Foundation Announces 2020 QI and QIHO Awards for Innovative Projects

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        The Foundation for Post-Acute and Long-Term Care Medicine has announced its 2020 Quality Improvement (QI) and Quality Improvement & Health Outcomes (QIHO) Award recipients. The QI Award went to Fatima Sheikh, MD, MPH, CMD, and her team at FutureCare NorthPoint in Baltimore, MD, for the project “Understanding Long-Term Care Residents’ Perceptions on Interdisciplinary Care Plan Meetings.” Howard Finger, DO, of Coler Rehabilitation and Nursing Care Center in Roosevelt, NY, won the QIHO Award for his program, “MOLST PI Project/Application of the Algorithm for the Unbefriended in Conjunction with the MOLST Form PI Initiative.”
        Dr. Sheikh, assistant professor in the Division of Geriatrics at Johns Hopkins School of Medicine and medical director of FutureCare Capital Region and NorthPoint Facilities, said, “Winning this honor was a humbling but delightful experience.” Referring to the lead investigators on the project, Chitra Hamilton, MD, and Mariah Robertson, MD, Dr. Sheikh said, “Their project is very unique as it focuses on understanding long-term care residents’ perceptions of interdisciplinary care plan meetings. This is an innovative project with demonstrable impact on the quality of care for patients in the nursing home setting. I am extremely proud of Drs. Hamilton and Robertson on this performance improvement project and their overall motivation and commitment to their long-care residents.”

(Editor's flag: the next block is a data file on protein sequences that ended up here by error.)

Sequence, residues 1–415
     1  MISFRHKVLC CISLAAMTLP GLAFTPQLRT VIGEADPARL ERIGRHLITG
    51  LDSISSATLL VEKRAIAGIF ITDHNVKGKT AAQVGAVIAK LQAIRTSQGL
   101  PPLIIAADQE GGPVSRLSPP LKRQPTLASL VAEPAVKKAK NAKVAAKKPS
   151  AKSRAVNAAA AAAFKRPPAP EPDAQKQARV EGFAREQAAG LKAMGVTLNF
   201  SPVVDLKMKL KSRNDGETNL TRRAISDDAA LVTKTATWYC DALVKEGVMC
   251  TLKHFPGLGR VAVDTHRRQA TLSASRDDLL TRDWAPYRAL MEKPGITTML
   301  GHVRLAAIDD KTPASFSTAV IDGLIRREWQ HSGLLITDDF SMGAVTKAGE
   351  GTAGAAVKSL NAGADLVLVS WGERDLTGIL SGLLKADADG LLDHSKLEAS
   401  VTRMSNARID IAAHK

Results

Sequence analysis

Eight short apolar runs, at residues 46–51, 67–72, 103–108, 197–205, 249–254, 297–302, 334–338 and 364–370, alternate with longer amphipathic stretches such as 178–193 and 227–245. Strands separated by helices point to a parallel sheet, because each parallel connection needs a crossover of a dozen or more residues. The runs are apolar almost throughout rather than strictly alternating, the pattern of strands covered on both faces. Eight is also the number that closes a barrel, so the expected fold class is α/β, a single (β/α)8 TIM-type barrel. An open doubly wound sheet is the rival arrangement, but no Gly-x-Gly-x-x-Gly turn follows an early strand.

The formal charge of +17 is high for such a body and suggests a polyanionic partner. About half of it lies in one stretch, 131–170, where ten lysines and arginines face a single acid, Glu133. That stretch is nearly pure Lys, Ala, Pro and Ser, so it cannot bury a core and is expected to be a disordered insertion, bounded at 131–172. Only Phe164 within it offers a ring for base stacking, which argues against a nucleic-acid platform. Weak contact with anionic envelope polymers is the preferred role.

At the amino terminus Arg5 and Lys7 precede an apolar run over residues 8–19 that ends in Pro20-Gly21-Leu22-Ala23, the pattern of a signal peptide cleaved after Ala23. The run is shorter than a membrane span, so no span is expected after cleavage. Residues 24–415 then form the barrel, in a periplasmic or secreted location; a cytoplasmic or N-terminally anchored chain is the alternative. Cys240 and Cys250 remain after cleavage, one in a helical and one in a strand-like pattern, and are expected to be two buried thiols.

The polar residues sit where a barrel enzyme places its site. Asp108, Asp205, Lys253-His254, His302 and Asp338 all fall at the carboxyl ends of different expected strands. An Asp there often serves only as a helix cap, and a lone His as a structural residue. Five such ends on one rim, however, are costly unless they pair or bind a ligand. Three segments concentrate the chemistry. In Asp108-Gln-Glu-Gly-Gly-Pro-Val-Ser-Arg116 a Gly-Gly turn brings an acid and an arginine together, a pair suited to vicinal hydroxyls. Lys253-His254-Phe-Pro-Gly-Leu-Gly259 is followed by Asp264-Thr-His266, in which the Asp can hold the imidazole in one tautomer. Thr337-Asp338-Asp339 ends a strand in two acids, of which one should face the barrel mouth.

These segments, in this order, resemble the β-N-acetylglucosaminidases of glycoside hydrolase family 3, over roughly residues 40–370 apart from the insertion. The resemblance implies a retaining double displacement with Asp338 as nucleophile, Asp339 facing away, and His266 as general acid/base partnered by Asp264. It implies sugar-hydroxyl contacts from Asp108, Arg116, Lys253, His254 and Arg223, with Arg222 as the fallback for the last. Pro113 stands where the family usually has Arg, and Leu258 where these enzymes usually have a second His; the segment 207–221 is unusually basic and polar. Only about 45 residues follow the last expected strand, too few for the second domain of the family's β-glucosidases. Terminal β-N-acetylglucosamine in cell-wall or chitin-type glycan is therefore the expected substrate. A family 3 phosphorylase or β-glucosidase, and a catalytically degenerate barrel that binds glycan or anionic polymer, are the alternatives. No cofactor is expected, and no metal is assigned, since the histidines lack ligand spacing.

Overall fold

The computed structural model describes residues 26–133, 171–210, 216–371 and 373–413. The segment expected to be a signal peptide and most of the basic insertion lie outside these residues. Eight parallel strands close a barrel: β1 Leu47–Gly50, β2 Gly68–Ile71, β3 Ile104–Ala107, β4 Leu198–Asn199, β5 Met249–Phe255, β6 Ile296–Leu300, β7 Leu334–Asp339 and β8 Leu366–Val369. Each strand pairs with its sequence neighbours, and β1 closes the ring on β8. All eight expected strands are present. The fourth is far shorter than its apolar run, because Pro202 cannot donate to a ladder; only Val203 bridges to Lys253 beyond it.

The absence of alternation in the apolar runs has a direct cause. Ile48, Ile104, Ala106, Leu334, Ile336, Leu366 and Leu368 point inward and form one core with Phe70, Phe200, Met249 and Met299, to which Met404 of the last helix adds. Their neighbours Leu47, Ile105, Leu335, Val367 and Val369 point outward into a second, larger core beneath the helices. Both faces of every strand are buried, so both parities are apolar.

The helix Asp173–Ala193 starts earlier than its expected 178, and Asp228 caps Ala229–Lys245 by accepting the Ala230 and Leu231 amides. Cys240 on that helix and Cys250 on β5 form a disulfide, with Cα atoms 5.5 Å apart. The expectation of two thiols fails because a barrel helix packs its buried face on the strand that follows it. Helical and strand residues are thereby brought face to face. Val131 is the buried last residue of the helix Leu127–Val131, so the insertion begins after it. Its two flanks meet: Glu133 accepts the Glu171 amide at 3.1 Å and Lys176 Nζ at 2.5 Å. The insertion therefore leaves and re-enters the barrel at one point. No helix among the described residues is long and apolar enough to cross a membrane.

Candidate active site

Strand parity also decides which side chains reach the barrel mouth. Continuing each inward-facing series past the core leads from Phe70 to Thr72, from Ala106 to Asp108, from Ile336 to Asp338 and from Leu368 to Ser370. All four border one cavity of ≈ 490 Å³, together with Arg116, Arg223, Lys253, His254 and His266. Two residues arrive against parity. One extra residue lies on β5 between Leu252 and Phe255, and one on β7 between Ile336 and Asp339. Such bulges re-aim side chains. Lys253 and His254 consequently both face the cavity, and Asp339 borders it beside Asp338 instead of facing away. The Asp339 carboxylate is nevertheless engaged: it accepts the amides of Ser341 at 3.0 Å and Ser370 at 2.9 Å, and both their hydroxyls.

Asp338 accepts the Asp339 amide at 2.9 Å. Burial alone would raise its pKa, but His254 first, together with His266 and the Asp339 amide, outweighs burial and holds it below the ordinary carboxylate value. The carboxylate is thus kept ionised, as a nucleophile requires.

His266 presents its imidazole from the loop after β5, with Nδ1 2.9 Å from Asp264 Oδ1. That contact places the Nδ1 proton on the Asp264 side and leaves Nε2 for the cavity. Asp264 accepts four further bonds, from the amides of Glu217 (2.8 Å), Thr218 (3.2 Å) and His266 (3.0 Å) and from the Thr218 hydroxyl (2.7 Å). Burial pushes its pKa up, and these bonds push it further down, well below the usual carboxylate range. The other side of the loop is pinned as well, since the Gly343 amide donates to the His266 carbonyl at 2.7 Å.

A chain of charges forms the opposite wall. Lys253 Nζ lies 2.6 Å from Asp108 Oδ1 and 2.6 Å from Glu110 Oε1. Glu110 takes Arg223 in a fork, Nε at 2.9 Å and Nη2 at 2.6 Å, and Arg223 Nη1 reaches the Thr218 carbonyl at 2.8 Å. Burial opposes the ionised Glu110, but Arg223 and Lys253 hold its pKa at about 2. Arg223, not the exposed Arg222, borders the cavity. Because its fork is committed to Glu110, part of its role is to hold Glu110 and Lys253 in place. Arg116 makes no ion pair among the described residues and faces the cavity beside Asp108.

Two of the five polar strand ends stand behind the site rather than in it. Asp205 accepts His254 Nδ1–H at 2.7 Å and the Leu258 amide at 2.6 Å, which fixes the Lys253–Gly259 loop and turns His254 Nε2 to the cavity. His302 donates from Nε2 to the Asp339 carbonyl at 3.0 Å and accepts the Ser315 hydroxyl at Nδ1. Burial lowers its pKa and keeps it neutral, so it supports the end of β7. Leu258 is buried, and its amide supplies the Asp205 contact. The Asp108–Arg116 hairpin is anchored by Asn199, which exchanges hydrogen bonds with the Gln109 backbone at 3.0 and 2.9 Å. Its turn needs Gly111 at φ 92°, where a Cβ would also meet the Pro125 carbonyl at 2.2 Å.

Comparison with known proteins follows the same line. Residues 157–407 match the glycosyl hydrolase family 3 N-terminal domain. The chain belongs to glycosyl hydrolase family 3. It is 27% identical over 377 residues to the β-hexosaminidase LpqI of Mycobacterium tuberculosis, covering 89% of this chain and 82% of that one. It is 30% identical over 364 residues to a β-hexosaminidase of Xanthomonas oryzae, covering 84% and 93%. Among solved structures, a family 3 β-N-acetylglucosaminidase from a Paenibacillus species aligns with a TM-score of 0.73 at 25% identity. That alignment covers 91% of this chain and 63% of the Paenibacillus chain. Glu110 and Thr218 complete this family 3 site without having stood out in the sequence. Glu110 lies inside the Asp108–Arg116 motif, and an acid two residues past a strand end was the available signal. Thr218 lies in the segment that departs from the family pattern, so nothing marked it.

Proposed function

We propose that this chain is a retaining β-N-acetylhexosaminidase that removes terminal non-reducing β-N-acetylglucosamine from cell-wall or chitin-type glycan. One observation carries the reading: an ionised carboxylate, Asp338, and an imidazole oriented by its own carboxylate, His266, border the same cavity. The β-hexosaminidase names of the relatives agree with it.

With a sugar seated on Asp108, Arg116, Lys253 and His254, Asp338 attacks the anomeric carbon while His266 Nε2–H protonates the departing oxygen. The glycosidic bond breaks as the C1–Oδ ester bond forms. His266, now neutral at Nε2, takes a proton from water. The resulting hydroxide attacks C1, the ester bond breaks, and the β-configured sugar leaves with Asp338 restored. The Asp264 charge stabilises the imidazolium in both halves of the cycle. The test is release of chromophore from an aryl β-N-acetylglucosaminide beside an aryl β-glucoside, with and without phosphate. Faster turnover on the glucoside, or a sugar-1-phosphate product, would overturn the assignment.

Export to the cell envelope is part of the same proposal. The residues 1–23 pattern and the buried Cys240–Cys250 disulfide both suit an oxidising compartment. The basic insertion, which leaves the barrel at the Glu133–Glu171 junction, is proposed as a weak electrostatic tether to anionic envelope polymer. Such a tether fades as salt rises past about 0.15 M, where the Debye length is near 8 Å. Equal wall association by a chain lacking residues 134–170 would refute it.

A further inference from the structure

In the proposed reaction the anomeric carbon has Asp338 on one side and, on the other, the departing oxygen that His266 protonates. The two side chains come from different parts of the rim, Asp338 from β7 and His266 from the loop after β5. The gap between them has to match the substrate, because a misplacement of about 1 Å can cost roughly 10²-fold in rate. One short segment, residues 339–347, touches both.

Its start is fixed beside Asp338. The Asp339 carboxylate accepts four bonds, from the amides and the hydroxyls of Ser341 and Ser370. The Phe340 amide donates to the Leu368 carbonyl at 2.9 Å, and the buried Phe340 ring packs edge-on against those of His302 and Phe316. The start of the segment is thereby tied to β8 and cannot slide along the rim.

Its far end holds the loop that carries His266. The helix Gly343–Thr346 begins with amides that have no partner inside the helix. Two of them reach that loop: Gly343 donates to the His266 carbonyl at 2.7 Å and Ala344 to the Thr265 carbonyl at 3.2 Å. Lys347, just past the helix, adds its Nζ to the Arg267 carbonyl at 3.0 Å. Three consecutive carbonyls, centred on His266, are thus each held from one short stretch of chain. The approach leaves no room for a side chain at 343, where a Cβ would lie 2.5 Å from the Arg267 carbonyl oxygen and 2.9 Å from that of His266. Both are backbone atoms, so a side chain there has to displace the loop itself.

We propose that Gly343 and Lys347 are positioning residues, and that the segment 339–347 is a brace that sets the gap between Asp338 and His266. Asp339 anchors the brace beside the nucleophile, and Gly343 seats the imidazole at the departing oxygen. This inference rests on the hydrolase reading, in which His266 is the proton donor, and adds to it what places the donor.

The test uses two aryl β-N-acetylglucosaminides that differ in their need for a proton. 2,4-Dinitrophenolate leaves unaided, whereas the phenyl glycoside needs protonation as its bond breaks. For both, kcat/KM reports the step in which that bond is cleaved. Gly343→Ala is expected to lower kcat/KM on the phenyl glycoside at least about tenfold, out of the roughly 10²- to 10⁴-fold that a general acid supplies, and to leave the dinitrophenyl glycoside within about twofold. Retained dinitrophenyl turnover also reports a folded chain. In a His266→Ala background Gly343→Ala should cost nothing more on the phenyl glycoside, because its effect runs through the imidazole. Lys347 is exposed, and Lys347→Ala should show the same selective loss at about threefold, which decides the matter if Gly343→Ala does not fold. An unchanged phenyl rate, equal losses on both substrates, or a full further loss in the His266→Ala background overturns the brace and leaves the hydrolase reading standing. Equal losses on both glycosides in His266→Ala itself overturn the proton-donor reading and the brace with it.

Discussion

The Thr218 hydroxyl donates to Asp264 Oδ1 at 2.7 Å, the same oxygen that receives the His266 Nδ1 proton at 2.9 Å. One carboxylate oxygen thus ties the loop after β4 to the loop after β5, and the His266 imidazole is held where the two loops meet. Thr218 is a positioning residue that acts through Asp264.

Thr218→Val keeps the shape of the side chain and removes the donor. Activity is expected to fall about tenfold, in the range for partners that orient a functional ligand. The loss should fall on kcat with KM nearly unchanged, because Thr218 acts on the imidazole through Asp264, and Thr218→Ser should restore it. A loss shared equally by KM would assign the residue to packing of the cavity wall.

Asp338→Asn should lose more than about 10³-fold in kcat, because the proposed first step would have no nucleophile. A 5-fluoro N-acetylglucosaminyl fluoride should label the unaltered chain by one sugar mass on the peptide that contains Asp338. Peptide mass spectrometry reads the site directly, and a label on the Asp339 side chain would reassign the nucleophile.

Dr. Hamilton said, “Our biggest goal with this project is to learn more about barriers to and facilitators of the care planning process. What are residents’ and families’ frustration with this process? What do they like about it? How would they like to be more involved?” Dr. Robertson added, “Our study highlights the importance of having excellent care planning and lines of communication with residents and families. This population is especially vulnerable, and the family is often very involved in care planning. We need to make sure that we engage them in a way that is both productive and comfortable for them.”
        Dr. Robertson observed that the COVID-19 pandemic has amplified the significance of their study. “We are hopeful that this will improve communication so that we can maximize resident and family education and make it more useful for them.” She added, “It’s an incredible honor to be selected for this award. As young practitioners, it helps fuel our passions.” Dr. Hamilton noted, “I’m a new AMDA member and will be a medical director in the coming year. It’s so rewarding that this project was embraced with open arms by the AMDA community.”
        Dr. Finger, who is the clinical ethics consultant at Coler and the co-chair of the NYC Health and Hospitals Bioethics Council, noted that this was a combined principal investigator (PI) process. He was the team leader of the Application of the Algorithm for the Unbefriended in Conjunction with the MOLST Form PI Initiative, and Chery A. Dury, director of social work at Coler, was the team leader for the MOLST PI Project.